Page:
Ever since classifying foods as "organic" became a thing, figuring out exactly how to ensure that classification—and what it actually means—has prompted a lot of debate. The Washington Post recently reported that Aurora Organic Dairy, a company that provides milk to retailers like Walmart and Costco, may have been misleading their customers by classifying regular milk as organic. The USDA, it turns out, allows companies to hire their own inspectors to certify that they're actually following organic-food protocols. Sound a little sketchy? You're not wrong. 

The main factor in certifying that milk is organic lies in the eating habits of the cows. Throughout the growing season, cows at organic dairies are supposed to be grazing—that means out in the fields, munching on grass—and not cooped up in a feedlot or a barn. However, over an eight-day period of observing Aurora's facilities, the Post noted that "at no point was any more than 10 percent of the herd out [grazing]." This is contrary to Aurora's claims that all their cows were constantly out on pasture. An Aurora spokeswoman dismissed the Post's reporting, saying, "The requirements of the USDA National Organic Program allow for an extremely wide range of grazing practices that comply with the rule." 

But the Post also approached Virginia Tech scientists to analyze Aurora's milk for key indicators of proper grass-feeding. Their findings? Not good. Grass-fed cows typically show high levels of conjugated linoleic acid and alpha-linolenic acid, and lower levels of linoleic acid. Aurora's milk, however, showed the opposite: high levels of linoleic acid and low levels of CLA and ALA. This means that Aurora cows weren't getting the grazing time they need for their milk to be classified as organic. And Aurora's inspectors only visited in November, well after grazing season ends on September 30. Therefore, inspectors wouldn't have been able to speak to the grazing habits of Aurora's cows, but still passed them: a clear breach of inspection policy.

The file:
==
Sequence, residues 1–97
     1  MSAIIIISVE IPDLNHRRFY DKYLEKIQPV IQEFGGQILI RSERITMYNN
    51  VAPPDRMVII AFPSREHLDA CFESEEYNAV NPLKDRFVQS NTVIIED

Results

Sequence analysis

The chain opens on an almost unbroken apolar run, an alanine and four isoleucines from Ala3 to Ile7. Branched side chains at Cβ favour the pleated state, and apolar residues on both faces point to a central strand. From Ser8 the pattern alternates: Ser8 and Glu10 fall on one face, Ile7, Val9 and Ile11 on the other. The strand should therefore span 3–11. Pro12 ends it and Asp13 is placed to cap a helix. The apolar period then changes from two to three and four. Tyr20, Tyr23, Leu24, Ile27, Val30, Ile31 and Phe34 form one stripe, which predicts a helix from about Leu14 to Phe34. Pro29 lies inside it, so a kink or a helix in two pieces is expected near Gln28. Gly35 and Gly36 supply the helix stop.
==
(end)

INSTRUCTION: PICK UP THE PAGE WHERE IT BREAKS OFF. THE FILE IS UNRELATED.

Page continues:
Unfortunately, however, this issue isn't limited to Aurora Organic Dairy. A number of dairy companies claiming to adhere to organic standards seem to have no interest in actually doing so. It's expensive to produce organic milk because it requires a lot of land that can't be enhanced by chemical growing aids. And grass-fed cows simply produce less milk compared to cows on a diet specifically formulated for milk production. On the flip side, the Post points out, "a farmer can sell certified organic milk for almost double the price of conventional, and there are other benefits: The milk is measurably different, and according to the USDA, it improves cow health and reduces the environmental impacts of agriculture. Moreover, because grazing is natural cow behavior, some say it is more humane." 

So it's very possible that you've paid that high price for a gallon of "organic" milk that's exactly the same as the normal one on super-sale at the grocery store. And there's not much you can do about it, unless the USDA makes it much harder for companies to earn that "organic" stamp of approval.